jus soli
This would make the US only the second mainland American country to not have total jus soli. In the above map the darkest blue countries have absolute jus soli, light blue with restrictions, and pale blue previously had and have since abolished. From here.

The inevitable question that dismantling jus soli as a legal principle leads to is this – what are we doing instead? The legal world by and large contrasts jus soli with jus sanguinis, the “right by blood”. There are fewer world maps of countries proudly proclaiming they maintain citizenship and related legal rights as a matter of bloodlines, and for obvious reasons. It’s generally a remaining legal practice from earlier, imperialistic, undemocratic eras.

Throughout Europe, jus sanguinis largely became practice as a way of retaining the citizenship of members of the same ethnic group, scattered across conquered holdings away from their nation’s core population. To the extent that jus sanguinis has a democratic history, it’s one tarnished in the long view of history. It echoes a kind of classical Athenian democracy, reserved for a minority of unenslaved men with the right pedigrees.

That notion of citizenship was the norm for most of democracy’s history in Europe, first under Greek and Roman governments that all steadily descended into a toxic mix of corruption and imperial ambitions. Those ideas about democracy later resurfaced with that particular legal quirk in the Renaissance and Age of Enlightenment. The many ethnically German thinkers who saw the slow rise of a more modern nation-state out of feudal localism are often forgotten, but their ideas on citizenship left their mark on the Europe that emerged from the medieval era. While Immanuel Kant (although himself quite racist) viewed race as something historically gained and otherwise subjective and environmentally-influenced, later German philosophers like Johann Gottlieb Fichte and Georg Wilhelm Friedrich Hegel developed the idea of a sort of objective ethnicity without complexity or question.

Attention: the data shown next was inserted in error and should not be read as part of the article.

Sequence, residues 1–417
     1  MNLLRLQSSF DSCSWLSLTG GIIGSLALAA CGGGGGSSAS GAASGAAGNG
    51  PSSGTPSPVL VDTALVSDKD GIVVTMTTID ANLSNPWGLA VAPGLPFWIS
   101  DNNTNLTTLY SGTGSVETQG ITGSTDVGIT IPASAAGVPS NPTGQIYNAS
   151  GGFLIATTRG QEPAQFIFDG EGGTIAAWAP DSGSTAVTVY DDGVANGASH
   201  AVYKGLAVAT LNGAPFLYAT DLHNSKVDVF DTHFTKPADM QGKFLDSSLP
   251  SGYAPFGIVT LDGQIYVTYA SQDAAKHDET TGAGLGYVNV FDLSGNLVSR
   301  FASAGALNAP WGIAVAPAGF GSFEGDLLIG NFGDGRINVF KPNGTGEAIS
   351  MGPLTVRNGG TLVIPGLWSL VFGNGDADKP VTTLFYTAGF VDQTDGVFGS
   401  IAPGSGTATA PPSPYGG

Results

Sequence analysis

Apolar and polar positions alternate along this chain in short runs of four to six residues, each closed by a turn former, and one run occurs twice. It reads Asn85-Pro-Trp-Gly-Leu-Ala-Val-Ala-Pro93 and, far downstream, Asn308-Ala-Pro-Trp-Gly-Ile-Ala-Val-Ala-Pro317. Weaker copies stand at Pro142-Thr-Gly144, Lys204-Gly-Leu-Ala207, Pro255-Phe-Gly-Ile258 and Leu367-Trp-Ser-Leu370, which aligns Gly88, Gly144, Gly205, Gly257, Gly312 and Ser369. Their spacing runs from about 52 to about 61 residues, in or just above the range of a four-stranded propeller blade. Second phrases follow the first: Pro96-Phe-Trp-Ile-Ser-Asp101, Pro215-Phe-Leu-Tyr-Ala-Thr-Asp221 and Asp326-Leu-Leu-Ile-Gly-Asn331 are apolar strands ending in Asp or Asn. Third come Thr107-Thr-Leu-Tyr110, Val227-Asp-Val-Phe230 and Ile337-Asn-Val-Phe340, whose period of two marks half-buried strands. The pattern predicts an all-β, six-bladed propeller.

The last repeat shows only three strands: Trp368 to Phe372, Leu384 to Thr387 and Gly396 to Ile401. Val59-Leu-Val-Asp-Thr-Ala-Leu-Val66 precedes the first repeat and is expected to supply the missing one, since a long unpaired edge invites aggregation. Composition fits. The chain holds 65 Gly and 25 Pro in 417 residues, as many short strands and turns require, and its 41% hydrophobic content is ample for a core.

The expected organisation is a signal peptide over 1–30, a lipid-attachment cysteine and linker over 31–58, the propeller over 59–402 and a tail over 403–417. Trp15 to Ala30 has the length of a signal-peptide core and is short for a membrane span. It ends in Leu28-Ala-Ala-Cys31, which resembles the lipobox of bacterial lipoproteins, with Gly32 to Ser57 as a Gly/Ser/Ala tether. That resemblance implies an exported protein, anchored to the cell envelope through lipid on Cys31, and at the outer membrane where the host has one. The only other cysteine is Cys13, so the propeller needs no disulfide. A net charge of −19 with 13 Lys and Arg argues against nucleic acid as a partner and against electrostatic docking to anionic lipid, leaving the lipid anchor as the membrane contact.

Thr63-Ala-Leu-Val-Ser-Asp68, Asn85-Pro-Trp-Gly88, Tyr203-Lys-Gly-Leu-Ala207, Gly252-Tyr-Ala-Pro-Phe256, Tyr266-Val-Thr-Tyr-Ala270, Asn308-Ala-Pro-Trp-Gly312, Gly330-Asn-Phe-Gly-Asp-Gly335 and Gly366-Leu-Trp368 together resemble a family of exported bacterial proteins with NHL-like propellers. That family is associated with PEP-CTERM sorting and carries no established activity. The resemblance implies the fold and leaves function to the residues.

The path from those opinions to the (then) perpetual statelessness of Jewish and Rromani people was long and complex. But the idea that ethnicity is something objective, with no context, complexity, or ways of operating across otherwise distinct groups helped create the policy of total exclusion of those groups. It helped create a system for legally classifying them. It ultimately bears some responsibility for the violence against them that made possible.